An Alaska-focused study on public understanding and awareness of ocean acidification risk shows that Alaskans are three times more aware of ocean acidification than Americans in general. However, Alaskans have difficulty seeing ocean acidification as an immediate risk, and the direct risks to Alaska’s fisheries are still not well understood. The research, “Gauging perceptions of ocean acidification in Alaska,” can be found in the journal Marine Policy.
Some 2000 Alaskans received a questionnaire in September, 2013. Questionnaires asked about each respondent’s role in the state’s fishing industry as well as their belief in, understanding of, and concern about ocean acidification. The questionnaire’s response rate was 18 percent, which is high for studies of this nature. Results showed limited understanding of how Alaska will be uniquely impacted by ocean acidification. For example, only 28 percent of Alaskans believe that ocean acidification would have a greater impact on Alaska than other states in the United States. Alaskans affiliated with the state’s fishing industry are not significantly more concerned about ocean acidification than those unaffiliated, and only 33 percent believe that ocean acidification will decrease revenue for fisheries. Finally, ocean acidification is perceived as a distant risk.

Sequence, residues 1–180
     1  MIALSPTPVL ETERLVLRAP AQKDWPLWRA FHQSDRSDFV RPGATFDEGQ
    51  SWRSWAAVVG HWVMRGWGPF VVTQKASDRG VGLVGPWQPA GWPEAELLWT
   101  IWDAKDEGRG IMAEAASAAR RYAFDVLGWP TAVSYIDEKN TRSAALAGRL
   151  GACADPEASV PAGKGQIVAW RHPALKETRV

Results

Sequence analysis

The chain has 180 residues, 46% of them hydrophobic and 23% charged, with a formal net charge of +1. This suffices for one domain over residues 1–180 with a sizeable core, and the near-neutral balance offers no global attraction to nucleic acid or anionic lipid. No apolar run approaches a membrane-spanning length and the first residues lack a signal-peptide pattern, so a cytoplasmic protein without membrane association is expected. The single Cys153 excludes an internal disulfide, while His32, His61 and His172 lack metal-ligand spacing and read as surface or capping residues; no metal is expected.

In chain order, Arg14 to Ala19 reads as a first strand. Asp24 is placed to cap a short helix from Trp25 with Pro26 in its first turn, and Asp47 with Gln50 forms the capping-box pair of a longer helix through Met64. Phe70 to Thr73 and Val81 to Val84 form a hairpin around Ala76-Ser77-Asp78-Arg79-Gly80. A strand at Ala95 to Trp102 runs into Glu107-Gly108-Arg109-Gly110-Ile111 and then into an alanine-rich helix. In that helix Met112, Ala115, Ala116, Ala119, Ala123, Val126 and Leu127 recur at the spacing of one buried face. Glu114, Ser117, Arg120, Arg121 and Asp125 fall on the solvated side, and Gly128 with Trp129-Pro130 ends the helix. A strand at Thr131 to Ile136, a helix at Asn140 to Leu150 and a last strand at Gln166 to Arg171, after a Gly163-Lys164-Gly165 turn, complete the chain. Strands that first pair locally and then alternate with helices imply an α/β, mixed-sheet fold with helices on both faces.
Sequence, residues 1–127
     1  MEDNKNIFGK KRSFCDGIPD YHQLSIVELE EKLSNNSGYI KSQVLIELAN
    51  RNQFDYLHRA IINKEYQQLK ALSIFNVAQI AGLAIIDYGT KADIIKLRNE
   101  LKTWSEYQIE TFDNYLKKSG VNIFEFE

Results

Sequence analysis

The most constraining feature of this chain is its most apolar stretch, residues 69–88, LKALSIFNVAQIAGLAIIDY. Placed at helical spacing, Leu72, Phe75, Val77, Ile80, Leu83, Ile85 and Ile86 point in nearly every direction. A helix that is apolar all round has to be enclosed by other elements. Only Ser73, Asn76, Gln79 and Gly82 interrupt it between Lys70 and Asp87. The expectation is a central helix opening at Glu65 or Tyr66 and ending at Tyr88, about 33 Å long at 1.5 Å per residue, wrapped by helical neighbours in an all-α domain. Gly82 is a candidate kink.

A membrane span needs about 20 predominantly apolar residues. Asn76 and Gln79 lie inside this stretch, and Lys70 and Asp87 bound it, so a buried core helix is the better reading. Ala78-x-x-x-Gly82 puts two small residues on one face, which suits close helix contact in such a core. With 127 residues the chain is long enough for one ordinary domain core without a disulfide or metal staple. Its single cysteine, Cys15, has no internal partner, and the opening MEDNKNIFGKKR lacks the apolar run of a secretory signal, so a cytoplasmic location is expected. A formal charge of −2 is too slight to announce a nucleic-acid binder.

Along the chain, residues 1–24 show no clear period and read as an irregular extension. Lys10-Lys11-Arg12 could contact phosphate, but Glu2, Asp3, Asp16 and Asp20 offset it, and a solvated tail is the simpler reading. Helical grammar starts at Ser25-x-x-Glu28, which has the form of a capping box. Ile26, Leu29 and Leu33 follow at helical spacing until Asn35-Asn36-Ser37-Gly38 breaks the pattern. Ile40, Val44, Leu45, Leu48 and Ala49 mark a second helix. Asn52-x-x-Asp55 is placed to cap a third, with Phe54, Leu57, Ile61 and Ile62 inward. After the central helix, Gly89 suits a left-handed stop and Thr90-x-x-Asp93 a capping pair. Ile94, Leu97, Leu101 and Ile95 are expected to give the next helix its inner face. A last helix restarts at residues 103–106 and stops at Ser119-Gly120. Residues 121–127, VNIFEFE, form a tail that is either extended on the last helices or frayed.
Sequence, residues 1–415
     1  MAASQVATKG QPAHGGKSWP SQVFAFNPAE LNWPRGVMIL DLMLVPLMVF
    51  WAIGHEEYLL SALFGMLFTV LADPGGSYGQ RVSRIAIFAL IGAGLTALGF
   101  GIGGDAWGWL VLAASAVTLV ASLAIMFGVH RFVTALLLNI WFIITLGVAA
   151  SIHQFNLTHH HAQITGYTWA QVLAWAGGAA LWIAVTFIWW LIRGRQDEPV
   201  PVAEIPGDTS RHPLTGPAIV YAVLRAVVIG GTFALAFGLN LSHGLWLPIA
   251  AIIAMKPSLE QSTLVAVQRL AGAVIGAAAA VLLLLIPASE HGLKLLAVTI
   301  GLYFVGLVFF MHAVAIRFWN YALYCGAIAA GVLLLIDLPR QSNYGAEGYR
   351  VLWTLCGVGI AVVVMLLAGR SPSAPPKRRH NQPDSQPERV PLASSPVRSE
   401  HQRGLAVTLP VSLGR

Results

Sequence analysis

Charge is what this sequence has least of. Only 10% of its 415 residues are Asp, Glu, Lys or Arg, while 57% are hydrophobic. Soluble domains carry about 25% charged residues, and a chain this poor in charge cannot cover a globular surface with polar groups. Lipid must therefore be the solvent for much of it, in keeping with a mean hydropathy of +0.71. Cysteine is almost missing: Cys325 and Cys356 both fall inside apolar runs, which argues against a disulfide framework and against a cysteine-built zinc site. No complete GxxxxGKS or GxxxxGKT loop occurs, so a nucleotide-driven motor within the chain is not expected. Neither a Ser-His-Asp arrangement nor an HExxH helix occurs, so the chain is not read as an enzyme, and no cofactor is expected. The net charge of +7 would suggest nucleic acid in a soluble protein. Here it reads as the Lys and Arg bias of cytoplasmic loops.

With a better idea of what Alaskans understand about this issue, the next step is to shape public education in a way that facilitates a long-term discussion of ocean acidification drivers and impacts, as well as mitigation and adaptation strategies.